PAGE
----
So, you finished the first draft of your novel. Yay! Now what?
Surviving Revision: How One Writer Finished What She Started is a humorous first-hand account of a first-time novelist grappling with how to turn her disheveled vomit draft into a novel someone besides her mother might want to read.
Unruly characters, infuriating log lines, wayward settings and haphazard props provide stumbling blocks and “ah-ha” moments like:
- A character’s first impression is a promise you make to your reader.
- Just because you call something a scene doesn’t make it a scene.
- It’s an author’s job to save her story, not her characters.
- Your main character is not the protagonist in every scene, but….
- Every scene needs a protagonist (and an antagonist!).
- Wallpaper should be hung after the tub is ripped out and replaced.
Accidental discoveries, astonishing surprises, and amazing improvements lurk between these sections, and by the end of the audiobook, you will be convinced that you, too, can revise your own work into something you can be proud of!
Surviving Revision provides a peek behind the curtain as one writer tackles revision head on so that she can finish what she started.
Need a kick in the pants to get your revision efforts off the ground? Purchase Surviving Revision: How One Writer Finished What She Started and get inspired today!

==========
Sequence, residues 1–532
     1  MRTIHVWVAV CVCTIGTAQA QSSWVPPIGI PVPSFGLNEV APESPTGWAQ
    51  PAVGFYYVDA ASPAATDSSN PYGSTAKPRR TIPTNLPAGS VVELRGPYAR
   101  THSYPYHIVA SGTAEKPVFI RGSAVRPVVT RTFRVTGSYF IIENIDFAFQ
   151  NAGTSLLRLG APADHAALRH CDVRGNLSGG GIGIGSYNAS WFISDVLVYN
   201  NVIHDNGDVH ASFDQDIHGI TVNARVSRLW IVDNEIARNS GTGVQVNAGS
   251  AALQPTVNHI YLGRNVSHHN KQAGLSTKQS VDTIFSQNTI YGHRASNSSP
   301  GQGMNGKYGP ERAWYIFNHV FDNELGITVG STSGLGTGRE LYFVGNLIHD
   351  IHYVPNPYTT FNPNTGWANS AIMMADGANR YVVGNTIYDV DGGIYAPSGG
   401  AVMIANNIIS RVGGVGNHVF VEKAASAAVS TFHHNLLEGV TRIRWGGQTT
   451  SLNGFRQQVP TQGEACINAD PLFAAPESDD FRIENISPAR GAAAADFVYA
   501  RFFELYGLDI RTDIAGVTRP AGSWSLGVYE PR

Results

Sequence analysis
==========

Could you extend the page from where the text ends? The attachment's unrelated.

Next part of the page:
Lynn Carnefix –
If you have a text you’ve written, learn how to revise it
K. Kris Loomis offers the process she followed as described in Holly Lyle’s course, “How to revise your novel.” She presents the process step by step and analyzes how it went and what she takes away from each step and how it impacted her “vomit draft.”
This is an excellent book, I took notes because I have two “vomit drafts” that I’d like to revise and finish, even though I’d almost given up on that. Loomis’s explanations gave me hope that I could “Survive Revision” yet I’ll have to commit to the long, arduous process.
The title attracted me because I am an editor and wanted a template to help my clients revise their manuscripts. This book will clearly do that. I’ve already recommended it to a current client.
In addition, Loomis in her review of Lyle’s book also made me want to listen to that if it’s available as an audiobook and, likely, get a hard copy to have on hand to reference for clients and to get a look at her intricate note-taking system.
I highly recommend this book in which Jodi Gaylord ‘s able and easy-to-listen-to narration aides listener’s understanding.